I can assure you, however, that it’s possible for a person to have no conscience, and it’s uncomfortable to spend any amount of time with them.

I’ve known two people in my life who I think were sociopaths.

One was a guy I knew since grade school (I’m 45). When we were both 26, it was revealed that he had been conducting a stalking/harrassment campaign against two of his former superior officers from when he was in the Navy. He had sent them threatening letters, and driven several hundred miles to Norfolk to set fires and fire guns into their homes. Most of us who knew him were surprised – he was really weird, but didn’t strike us as dangerous.

The other was a woman I dated. She had been an officer in the Marine Corps, and later worked as a systems analyst for a defense contractor. She had absolutely no conscience that I ever saw any sign of, but she was very good at hiding it. As such, people who knew us both thought that I was the one at fault when things later turned sour between us. I consequently allowed myself a little gloating when she was later busted for drug dealing.

I stopped associating closely with, let’s call him “Wesley,” when I was in my mid teens, he was about 20. There were a few layers of dysfunction–Dad never liked him and was quick with physical retribution for disobedience, mom overcompensated by being overly protective of him. Of course, his temperament was such that he was always in trouble in school for one thing or another, and he was also brilliant with mechanics and electronics even when he was a small kid. He could take a transistor radio apart and solder it back together again from memory when he was 10. He didn’t do well in school, he was not well-received at home.

When he’d bully me and I threatened to rat him out he could wheedle like nobody I knew–sometimes with false blackmail (he’d make up stuff that I couldn’t disprove to blackmail me) or by appealing to my sense of mercy (you KNOW what Dad will do to me!) whether or not he needed punishing. At games his strategy was lie cheat & steal, fake injury, cause injury, fake confusion for a second chance–anything but accept defeat. He could ride a dirt bike like nobody I’d ever seen. he was without fear the point of recklessness.

He was never motivated by “approval” from one or both parents, any time he received it he was visibly uncomfortable. He would often “drop the ball” with regard to school, chores or even major peronal tasks in order to avoid it. He had LOTS of short relationships with girls his own age. He was, and still is, a master charmer and completely self-interested. His recklessness (as noted above) he told me on several occaisions stems from his need to “red-line” all the time. By this he means he needs to feel the presence of death at hand. IN his hand. He wants death close, but at his control. He savors his victories.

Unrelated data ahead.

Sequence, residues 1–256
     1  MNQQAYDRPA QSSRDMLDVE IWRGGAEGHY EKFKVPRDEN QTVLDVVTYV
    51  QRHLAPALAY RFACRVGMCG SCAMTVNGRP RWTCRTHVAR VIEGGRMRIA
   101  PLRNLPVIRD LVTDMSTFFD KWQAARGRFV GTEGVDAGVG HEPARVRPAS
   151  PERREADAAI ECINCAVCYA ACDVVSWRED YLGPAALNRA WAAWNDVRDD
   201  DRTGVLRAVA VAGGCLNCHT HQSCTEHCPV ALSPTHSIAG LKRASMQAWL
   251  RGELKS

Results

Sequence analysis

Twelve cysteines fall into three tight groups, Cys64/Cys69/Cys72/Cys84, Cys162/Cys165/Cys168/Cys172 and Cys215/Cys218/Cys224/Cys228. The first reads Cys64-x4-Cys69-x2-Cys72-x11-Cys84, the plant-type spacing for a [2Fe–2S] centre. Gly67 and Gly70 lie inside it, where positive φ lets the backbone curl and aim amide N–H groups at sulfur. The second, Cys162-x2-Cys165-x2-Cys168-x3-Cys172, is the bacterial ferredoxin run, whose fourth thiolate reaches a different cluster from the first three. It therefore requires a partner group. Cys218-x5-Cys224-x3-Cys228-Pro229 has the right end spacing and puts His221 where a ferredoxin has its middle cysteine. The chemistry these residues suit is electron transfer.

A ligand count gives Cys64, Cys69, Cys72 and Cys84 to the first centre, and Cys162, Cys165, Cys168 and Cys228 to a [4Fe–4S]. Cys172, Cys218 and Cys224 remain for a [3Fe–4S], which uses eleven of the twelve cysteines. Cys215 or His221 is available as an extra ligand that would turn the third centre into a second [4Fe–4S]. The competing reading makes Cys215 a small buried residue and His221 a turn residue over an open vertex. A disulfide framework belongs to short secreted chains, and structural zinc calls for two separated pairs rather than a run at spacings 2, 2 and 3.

As he approached 20 he had gotten himself into a bit of trouble with a local narcotics distributor and his only option was to leave. He spent a few years in the Alaska fisheries. When he returned his problems had all been arrested or had turned up missing. Further novel-worthy events ultimately led to his gaining meaningful employment in a Redmond, WA based computer hardware firm (he has no high school diploma–he dropped out before he finished 9th grade) assessing the competition’s products, crashing them and then making suggestions for his own firm to produce superior components.

Last example: A few months following a horrible motorcycle accident which resulted in a shattered but under-repair left leg (hit a parked car with his left knee at about 30mph) he and I were drinkng at a tavern. He’s had a few so I’m keeping my eye on him (not to defend him, I’m making sure I have an egress route!). Sure enough, in what can only be described as an exchange of facial expressions matched only by babbons in a National Geographic special, a largish guy (he and I are both under 5’ 7") approaches “Wesley” who is leaning against a barstool. He can’t sit down because his got 30 pounds of fiberglas cast from his toes to his ass. Gorilla man gets right in his face. “Wesley” smirks through hjis moustache at him, and mutters something to him about being a big man who is willing to pick on a cripple with a Hickman catheter (for the antibiotics required for a bone infection). “Wesley” opens his shirt to show the tube which runs directly into his aorta. Gorilla, probably a good man who is willing to let this event pass, shrugs his shoulders as if to say “whatever” and turns to go about his business. I’m heading to the door at this point. "Wesley taps him on the shoulder and as he turns around, stubs his cigarette out on the guy’s throat! Just as he’s regaining his senses, “Wesley” smashes him upside the head with his cane and hobbls into the truck–and we leave. I feel some guilt about it all for aiding and abeting, but at the time I was more interested in ending the episode and avoiding a little wrath myself.